Where is the risk? Where is the value? How do you mitigate risk and greatly increase value? I’ll tell you here. As I mentioned previously there are two ways to almost accidentally gain maximum value from Augmented Reality and Virtual Reality. First is high-yield one-off applications, second is high-value dynamic applications.


Almost all AR/VR applications I see coming about are single use, low hanging fruit, one-off applications. Low hanging fruit is cool and all if you are either looking to learn the technology or waste time and money. There is a way to maximize value though from one-offs. A one-off application is like a website where nothing can change. It’s static. Things can move around, be interacted with, and even make you feel incredible in the moment. The novelty wears off quick though along with the application’s value. Instead of an asset it’s almost like you’re creating a liability. You put people on a project, they spend time and money to build it and it is high-value upfront in the beginning. Eventually, the excitement wanes and the value depreciates. It’s a liability. Before long, it is just another app that no one uses. The value you got from it may have just been a feeling you had or a touchpoint with a potential future client… cool.

If you’re going to have a one-off, let’s make it highly impactful and reusable. The biggest bang for your buck is to affect human lives – in a physical sense. Anytime you can place an individual into a life-threatening situation while in Virtual Reality or Augmented Reality without them being physically harmed the value of your application shoots through the roof. If you are following this principle and can increase the value by 10 fold you should certainly do it. What if you could place a person into a situation that they very likely could face at some point in the future and teach them how to stay safe and even how to stay alive? That’s huge fucking value. Especially for an application you just build once. It’s reusable and the value only deprecates if you haven’t updated the content to meet current safety requirements. If you’re doing one-off solutions, this is where you should be thinking, save a life.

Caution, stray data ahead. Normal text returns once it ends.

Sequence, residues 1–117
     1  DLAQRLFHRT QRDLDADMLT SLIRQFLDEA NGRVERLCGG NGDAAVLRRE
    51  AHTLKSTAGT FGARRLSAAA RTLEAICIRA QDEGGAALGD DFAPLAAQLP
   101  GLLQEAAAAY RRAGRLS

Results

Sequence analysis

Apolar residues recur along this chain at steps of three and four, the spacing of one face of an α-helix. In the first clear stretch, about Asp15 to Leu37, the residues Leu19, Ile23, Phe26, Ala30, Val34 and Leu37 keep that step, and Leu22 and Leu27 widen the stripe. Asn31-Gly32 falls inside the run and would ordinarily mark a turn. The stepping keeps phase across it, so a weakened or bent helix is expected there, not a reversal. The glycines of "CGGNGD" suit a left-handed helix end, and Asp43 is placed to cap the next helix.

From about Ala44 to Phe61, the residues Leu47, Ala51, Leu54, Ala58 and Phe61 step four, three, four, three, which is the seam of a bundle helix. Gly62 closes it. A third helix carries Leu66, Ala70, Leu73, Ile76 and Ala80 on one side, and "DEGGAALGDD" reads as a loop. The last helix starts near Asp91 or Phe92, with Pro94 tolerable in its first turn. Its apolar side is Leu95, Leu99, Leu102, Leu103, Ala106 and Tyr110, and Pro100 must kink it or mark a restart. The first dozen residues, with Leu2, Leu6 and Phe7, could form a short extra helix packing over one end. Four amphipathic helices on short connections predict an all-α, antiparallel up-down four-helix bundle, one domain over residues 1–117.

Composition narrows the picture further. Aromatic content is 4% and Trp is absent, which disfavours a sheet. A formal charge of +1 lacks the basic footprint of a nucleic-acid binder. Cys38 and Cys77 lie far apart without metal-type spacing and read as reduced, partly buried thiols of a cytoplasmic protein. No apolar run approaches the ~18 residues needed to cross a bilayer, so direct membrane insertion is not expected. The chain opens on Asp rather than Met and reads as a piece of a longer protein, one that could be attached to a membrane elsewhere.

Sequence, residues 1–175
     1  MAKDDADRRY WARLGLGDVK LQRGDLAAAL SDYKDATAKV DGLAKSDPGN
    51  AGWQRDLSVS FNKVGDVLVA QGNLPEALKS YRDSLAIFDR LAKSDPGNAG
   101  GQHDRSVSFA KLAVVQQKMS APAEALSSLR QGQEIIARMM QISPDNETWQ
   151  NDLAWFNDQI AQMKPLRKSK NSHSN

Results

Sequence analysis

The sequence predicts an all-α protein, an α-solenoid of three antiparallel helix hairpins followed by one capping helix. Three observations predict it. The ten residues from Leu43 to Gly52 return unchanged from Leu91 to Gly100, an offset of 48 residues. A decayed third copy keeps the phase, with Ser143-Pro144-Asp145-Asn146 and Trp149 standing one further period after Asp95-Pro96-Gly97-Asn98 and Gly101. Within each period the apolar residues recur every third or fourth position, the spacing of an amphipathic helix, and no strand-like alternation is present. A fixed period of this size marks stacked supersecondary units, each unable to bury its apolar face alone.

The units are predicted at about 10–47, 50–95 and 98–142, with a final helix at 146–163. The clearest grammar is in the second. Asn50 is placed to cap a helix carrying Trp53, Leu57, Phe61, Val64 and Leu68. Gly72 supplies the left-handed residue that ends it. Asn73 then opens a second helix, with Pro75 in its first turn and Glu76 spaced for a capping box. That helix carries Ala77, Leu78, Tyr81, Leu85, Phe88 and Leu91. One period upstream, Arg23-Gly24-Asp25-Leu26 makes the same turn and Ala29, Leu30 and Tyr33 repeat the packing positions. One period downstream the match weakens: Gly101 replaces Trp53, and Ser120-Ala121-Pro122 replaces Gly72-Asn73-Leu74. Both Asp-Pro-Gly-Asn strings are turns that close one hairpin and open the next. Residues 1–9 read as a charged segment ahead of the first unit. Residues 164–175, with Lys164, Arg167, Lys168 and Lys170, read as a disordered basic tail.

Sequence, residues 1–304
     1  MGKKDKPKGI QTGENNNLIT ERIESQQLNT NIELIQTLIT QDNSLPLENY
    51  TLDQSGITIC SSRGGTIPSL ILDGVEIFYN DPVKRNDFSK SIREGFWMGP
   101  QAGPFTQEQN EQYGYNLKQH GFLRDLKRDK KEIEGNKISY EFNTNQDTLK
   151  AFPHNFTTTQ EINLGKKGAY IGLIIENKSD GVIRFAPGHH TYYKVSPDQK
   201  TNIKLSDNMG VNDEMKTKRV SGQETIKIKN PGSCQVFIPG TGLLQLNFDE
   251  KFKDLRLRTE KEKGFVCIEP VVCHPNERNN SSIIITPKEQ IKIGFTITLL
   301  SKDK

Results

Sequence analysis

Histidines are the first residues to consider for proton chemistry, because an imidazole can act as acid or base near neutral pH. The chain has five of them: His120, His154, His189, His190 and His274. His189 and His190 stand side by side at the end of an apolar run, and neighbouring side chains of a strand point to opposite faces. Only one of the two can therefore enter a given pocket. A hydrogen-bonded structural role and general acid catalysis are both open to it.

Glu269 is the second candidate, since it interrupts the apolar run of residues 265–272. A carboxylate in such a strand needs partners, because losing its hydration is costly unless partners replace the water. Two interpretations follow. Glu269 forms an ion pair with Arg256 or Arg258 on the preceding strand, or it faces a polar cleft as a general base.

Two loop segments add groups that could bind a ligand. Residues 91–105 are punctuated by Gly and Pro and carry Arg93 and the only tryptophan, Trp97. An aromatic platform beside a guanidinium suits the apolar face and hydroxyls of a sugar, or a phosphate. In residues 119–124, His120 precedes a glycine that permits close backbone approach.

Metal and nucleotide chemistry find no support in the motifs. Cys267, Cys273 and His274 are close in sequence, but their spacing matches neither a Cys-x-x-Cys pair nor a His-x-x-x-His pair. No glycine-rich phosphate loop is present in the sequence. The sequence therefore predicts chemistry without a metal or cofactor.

These are applications that can save inputs, possibly have user accounts to access certain parts of the application, and reflect the information that a given user has input. These applications do not need a developer to go in and change anything aside from feature support, and bug fixes after the application is built. Think of these similar to web-based applications like Google Drive, Canva, Trello, Mailchimp, Quickbooks online, LinkedIn, and Slack. Two of the best Spatial applications I’ve seen yet that represents the idea I’m talking about well are Tilt Brush and Rec Room. They are both dynamic applications and give people the ability to have persistent data across sessions. They both can change over time based on user interaction as well. That’s the target.


Now that you know how to create real and lasting value using Augmented Reality and Virtual Reality, what will you do next? Will you build a high-yield one-off? Maybe a high-value dynamic application? How about a combination of the two? Save lives by creating a platform application. Stop your fears. Stop hesitating. Just as Dan Peña says, “Once you become fearless, life becomes limitless”. Quit playing the game to not lose and start playing to win. Get focused, create value. No regrets.

If you’re ready – start with my free training.


Tyler Lindell

About the author

Tyler Lindell - Like Ginkgo for your Virtual Self